We offer a huge bouquet of hope to 10-year-old Tyler Borges, who recently appeared on a nationally televised Nickelodeon show dealing with children with cancer.
The Atascadero boy is undergoing treatment for neuroblastoma, a relatively rare type of pediatric cancer that affects the nervous system and can produce tumors throughout the body.
As Tribune writer Amy Dempsey reported on Sunday, Tyler’s treatment has included surgery in New York, chemotherapy sessions in Los Angeles every 21 days and frequent stays at Cottage Hospital in Santa Barbara. A stem cell transplant also is planned.
Tyler’s mother, Karen, describes him as a “very positive kid.” We’d use the same adjective to describe his family, for remaining upbeat despite some daunting challenges.
In addition to dealing with hospital visits and treatments, the family faces serious financial issues. To care for Tyler, Karen quit her job in the medical profession, which means the family is left with one income — and on top of that faces expensive medical co-pays and travel expenses for out-of-town medical treatments. As a result, the family worries about losing their home.
Several readers who first learned about Tyler in Sunday’s Tribune have inquired about how they can help.
An account for Tyler has been set up at Golden 1 Credit Union, which has branches in San Luis Obispo, Atascadero, Paso Robles and Santa Barbara. Deposits can be made at any branch to the Tyler Jacob Borges Fund.
‘Mistake’ and ‘nuclear’ don’t mix
We normally subject our brickbats to scrupulous testing to ensure they’ll hit their targets, without inflicting permanent damage. But in the case of PG&E, we don’t think we’ll bother with quality control.
After all, the giant utility didn’t make it a point to test whether two safety valves at the Diablo Canyon nuclear power plant could be opened remotely, according to a report from the Nuclear Regulatory Commission. In the event of an emergency, plant operators would have had to open the valves manually — which never happened, of course.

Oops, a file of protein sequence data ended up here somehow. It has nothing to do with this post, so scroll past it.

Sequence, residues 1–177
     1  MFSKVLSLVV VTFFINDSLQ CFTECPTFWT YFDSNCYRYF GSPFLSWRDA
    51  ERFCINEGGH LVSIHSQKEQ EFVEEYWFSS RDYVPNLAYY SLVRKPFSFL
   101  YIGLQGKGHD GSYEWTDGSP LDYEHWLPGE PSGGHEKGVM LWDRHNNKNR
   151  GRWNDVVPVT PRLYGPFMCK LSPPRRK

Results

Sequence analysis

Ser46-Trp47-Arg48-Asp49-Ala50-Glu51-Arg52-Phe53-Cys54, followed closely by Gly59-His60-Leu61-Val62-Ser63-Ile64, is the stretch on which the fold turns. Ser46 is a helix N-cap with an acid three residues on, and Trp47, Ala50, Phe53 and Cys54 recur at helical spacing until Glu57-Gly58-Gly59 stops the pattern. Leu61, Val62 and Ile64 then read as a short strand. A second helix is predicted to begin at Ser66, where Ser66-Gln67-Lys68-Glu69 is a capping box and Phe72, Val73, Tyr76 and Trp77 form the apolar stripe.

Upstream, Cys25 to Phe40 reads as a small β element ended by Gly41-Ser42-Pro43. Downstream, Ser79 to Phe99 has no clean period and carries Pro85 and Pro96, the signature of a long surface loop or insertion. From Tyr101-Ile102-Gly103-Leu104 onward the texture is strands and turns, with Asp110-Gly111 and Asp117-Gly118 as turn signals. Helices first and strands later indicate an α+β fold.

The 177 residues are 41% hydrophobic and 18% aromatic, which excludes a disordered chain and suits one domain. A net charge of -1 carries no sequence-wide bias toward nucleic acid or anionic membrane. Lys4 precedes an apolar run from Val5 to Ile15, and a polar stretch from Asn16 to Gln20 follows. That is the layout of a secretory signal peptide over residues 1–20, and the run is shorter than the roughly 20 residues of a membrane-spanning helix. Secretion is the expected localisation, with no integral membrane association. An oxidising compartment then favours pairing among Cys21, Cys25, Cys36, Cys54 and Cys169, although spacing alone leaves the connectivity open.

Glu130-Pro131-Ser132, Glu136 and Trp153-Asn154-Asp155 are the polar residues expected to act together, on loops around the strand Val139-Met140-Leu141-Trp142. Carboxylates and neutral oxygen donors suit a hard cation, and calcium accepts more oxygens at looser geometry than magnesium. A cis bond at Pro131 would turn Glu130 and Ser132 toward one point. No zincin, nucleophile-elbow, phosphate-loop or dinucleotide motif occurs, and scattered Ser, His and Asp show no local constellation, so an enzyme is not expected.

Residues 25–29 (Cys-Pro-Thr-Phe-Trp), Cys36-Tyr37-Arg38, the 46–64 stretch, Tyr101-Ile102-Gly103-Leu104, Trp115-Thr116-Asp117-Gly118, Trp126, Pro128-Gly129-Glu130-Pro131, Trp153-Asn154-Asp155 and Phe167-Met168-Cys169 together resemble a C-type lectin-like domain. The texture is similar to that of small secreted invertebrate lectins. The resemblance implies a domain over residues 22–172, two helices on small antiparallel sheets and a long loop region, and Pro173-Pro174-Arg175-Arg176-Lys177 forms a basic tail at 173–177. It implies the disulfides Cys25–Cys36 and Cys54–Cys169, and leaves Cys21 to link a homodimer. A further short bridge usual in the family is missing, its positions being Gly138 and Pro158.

In its defense, PG&E discovered the problem and immediately took steps to remedy the situation. Company officials also stress that the public was never at risk.
That’s good to know. Still, when we hear the words “mistake” and “nuclear” in the same sentence, we get nervous, which is why PG&E gets an untried, untested brickbat.
Readers were wise to Light’s act
We offer a tipster’s bouquet to alert readers who warned us about Ellie Light, the letter writer accused of bogusly misrepresenting herself (or is it himself?) in a slew of pro-Obama letters submitted to newspapers around the nation. The Tribune was among the 70 or so publications deceived by the misguided Light.
Light claimed to be from San Luis Obispo. She (he?) even obligingly agreed to our request to cut a 294-word letter down to 200 words. For that, she (he?) gets slammed with 200 ill-illuminated brickbats.
We authenticate Letters to the Editor by requiring addresses and phone numbers, and routinely reject letters that turn out to be SPAM or are submitted under obvious aliases. Obviously, though, that’s not a fail-safe system so again, thanks to readers for passing on “Ellie” intelligence.